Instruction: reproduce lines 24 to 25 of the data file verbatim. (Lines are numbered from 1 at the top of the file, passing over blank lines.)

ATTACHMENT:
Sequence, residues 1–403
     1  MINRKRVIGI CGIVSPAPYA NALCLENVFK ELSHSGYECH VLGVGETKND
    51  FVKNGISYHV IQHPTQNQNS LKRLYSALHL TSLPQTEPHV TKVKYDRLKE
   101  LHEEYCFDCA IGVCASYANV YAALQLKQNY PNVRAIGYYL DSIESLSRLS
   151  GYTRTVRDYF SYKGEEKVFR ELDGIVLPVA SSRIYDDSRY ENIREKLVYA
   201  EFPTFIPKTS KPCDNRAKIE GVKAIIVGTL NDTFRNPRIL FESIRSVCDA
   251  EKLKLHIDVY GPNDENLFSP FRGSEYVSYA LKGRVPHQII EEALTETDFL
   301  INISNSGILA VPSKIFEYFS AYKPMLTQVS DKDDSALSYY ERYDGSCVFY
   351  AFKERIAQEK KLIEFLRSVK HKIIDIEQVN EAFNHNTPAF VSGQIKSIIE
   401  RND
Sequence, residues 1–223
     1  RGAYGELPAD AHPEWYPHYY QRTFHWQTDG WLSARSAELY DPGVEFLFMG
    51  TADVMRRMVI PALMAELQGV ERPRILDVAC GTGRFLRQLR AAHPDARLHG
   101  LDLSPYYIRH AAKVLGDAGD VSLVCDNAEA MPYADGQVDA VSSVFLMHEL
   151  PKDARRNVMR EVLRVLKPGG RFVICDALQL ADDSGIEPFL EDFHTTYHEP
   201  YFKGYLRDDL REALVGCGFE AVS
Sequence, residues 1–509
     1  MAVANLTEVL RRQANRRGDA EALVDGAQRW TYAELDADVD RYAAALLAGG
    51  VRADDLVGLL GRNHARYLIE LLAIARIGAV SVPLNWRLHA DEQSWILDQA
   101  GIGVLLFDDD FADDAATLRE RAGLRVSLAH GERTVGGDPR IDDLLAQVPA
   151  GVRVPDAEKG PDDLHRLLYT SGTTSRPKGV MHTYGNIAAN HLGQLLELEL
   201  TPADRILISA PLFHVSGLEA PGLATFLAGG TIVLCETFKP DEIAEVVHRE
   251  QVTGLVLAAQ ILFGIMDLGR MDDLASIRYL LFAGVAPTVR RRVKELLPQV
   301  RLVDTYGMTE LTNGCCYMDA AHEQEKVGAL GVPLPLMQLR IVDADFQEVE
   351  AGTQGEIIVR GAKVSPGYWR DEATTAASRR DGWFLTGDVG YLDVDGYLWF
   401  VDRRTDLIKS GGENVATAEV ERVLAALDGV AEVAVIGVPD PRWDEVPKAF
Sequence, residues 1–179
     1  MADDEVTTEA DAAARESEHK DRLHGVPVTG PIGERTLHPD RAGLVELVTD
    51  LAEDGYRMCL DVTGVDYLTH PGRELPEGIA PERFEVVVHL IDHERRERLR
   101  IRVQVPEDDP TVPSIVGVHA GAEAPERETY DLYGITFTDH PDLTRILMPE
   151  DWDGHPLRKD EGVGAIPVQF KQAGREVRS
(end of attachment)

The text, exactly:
   301  RLVDTYGMTE LTNGCCYMDA AHEQEKVGAL GVPLPLMQLR IVDADFQEVE
   351  AGTQGEIIVR GAKVSPGYWR DEATTAASRR DGWFLTGDVG YLDVDGYLWF